CONCORD, N.H. (CN) – Slamming a razor-thin vote that upheld a New Hampshire beach town’s ban on topless women, the dissenting justices accused the majority Friday of upending the safeguards of equal protection.
“The majority’s conclusion that a lesser standard applies turns the clock back to the era before the adoption of the Equal Rights Amendment — a bygone era when women were the victims of pervasive discrimination and this court rejected challenges to laws that treated men and women differently,” Justice James Basset wrote, joined by Justice Gary Hicks.
Recalling a 1955 ruling where the court upheld a law that restricted the hours when women could play golf on municipal courses, Bassett noted that this decision called the regulation fair since women golf more slowly than men.
He said the majority used similarly tortured logic here to uphold a gender-based nudity ban in the city of Laconia.
“This is a significant change to New Hampshire’s equal protection guarantee that gives us great pause,” Basset wrote.
Heidi Lilley, Kia Sinclair and Ginger Pierro brought the appeal here over convictions they incurred after refusing to wear tops while performing yoga and sunbathing at Weirs Beach on Memorial Day weekend 2016.
Laconia city ordinances bans sex and nudity in public, with exposure of the female nipple and areola specifically prohibited. The women claimed that, because both men and women have nipples, the law is discriminatory and violates their guarantee of equal protection and free speech.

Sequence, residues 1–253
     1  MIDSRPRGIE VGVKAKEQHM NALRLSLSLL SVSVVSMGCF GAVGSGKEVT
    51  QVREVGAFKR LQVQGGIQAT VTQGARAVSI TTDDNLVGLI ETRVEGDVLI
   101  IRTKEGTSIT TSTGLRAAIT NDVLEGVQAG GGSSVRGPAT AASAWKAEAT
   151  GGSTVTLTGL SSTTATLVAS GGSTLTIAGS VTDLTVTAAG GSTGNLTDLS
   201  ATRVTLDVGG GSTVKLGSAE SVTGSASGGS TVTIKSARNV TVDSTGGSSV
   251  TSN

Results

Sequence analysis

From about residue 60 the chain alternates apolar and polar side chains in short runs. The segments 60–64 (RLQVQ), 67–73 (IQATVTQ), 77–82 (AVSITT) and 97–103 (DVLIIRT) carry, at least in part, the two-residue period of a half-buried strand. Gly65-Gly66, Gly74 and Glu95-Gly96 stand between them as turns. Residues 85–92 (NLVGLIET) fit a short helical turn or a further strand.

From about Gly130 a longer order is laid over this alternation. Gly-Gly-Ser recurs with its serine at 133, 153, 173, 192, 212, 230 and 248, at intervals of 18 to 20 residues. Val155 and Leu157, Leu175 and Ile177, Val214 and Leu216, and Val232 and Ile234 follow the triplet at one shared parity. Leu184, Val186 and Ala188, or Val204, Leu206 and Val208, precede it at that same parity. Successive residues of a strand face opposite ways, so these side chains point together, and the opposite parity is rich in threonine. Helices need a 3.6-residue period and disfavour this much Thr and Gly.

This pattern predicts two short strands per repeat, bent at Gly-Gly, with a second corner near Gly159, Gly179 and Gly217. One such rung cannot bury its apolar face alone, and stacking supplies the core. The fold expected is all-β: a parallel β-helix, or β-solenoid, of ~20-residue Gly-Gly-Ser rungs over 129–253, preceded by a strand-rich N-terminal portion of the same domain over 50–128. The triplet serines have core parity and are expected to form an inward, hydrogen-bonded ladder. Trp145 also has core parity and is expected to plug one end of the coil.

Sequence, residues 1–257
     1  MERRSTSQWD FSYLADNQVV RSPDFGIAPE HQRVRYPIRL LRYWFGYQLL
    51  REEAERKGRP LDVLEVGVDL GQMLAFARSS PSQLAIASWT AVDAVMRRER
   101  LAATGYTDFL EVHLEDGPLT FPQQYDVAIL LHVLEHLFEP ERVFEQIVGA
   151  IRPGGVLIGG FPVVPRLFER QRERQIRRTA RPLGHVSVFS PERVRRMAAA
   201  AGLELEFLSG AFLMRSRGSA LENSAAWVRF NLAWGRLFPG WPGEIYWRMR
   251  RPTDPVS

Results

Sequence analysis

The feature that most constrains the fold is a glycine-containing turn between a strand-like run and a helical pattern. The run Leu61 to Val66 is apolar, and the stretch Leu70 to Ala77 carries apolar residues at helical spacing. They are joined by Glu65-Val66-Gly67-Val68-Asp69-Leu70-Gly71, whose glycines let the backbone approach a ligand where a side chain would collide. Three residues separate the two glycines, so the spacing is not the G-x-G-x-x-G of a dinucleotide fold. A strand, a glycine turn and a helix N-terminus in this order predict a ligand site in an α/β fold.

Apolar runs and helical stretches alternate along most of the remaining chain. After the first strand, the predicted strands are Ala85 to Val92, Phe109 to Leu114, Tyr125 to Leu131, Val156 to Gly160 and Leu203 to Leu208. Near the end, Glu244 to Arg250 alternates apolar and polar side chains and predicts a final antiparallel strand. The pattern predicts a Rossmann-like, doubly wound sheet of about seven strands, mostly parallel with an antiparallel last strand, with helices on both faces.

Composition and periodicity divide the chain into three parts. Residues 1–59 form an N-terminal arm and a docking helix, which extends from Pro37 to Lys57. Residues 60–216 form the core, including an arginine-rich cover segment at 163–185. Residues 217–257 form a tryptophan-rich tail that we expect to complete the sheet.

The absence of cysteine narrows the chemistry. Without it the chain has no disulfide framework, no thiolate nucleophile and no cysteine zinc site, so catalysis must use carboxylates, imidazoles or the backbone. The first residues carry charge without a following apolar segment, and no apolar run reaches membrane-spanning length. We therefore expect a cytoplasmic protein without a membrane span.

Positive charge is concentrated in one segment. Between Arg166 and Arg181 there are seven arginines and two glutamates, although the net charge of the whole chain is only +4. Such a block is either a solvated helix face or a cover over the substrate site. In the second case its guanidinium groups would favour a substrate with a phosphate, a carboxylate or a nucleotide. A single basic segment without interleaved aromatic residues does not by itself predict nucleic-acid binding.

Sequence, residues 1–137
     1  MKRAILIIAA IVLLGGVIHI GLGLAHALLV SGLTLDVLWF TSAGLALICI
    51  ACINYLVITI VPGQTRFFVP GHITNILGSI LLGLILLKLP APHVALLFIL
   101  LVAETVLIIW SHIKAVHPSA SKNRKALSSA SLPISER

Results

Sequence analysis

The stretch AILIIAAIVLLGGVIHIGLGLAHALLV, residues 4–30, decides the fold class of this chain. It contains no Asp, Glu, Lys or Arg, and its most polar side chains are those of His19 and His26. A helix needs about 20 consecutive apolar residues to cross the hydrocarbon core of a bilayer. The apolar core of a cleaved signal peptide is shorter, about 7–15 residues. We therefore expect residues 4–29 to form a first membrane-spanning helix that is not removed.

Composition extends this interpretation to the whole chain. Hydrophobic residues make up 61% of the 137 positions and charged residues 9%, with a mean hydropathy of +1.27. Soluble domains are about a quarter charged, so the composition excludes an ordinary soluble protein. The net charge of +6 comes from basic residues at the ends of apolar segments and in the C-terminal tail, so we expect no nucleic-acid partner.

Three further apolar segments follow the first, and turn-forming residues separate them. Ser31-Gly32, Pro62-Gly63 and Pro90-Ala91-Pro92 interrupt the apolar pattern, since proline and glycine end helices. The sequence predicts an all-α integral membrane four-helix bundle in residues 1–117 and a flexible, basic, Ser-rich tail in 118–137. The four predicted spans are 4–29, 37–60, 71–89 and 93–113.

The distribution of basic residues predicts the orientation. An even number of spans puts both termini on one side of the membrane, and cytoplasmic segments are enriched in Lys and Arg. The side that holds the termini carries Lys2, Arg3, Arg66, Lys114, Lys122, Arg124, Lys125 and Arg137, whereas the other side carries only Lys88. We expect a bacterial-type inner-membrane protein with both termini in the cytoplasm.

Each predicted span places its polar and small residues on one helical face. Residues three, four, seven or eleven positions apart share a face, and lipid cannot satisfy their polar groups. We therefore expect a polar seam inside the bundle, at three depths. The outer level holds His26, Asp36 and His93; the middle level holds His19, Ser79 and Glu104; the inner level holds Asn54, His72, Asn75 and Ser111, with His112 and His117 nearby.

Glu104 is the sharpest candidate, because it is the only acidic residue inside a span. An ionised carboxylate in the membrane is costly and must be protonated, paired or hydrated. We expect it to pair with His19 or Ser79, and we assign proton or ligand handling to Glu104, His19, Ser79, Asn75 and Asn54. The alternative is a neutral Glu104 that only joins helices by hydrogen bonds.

But the New Hampshire Supreme Court upheld their convictions Friday after finding it constitutional to define nudity differently by sex characteristics.
“We conclude that the Laconia ordinance does not classify on the basis of gender,” Justice Anna Barbara Hantz Marconi wrote for the three-person majority. “The ordinance prohibits both men and women from being nude in a public place. The ordinance merely reflects the fact that men and women are not fungible with respect to the traditional understanding of what constitutes nudity.”
Dan Hynes, a lawyer for the challengers with Liberty Legal Services in Manchester, said his team has not yet decided whether to appeal to the U.S. Supreme Court.
“Since the N.H. Constitution, which prohibits sex discrimination, was not enough to prevent this unequal, and unfair treatment, we are hopeful the New Hampshire Legislature steps up to correct this injustice by outlawing Laconia’s ordinance,” Hynes said in a statement.
Sinclair, an activist with her local chapter of the Free the Nipple movement, testified that she started the campaign in New Hampshire after giving birth to her son and realizing that “hypersexualized” nipples result in a stigma that contributes to low breastfeeding rates in the United States.
But the majority rejected any claim that nudity falls under the umbrella of freedom of speech of expression. “It does not target nudity meant to advance women’s rights or desexualize the female nipple,” Hantz Marconi wrote of the ordinance. “Rather, it prohibits all nudity, regardless of whether the nudity is accompanied by expressive activity.”
The majority noted that the public’s concepts of morality may be changing, but declined to “second guess legislative bodies as to the wisdom of a specific law.”
“The people of Laconia may make such a decision, but this court will not make it for them,” wrote Hantz Marconi.
The court also agreed with the state that the ordinance’s purpose – to uphold public health, safety, morals and order – gives the city authority to enact the law. Laconia had argued that the sight of the topless women could incite a “mental health issue” and possibly cause violence among beachgoers.